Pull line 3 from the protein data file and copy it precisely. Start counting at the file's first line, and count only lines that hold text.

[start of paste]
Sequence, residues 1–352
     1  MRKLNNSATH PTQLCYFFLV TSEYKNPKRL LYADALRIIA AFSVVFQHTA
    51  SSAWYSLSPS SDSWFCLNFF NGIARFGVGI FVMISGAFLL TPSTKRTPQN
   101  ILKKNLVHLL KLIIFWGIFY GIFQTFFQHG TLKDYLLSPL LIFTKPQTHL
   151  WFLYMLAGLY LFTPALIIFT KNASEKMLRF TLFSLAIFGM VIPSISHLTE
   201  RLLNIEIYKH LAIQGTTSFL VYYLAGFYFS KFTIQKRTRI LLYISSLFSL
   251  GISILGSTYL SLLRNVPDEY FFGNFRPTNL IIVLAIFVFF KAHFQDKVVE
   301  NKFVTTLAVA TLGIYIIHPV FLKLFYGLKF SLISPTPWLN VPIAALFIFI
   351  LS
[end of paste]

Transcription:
    51  SSAWYSLSPS SDSWFCLNFF NGIARFGVGI FVMISGAFLL TPSTKRTPQN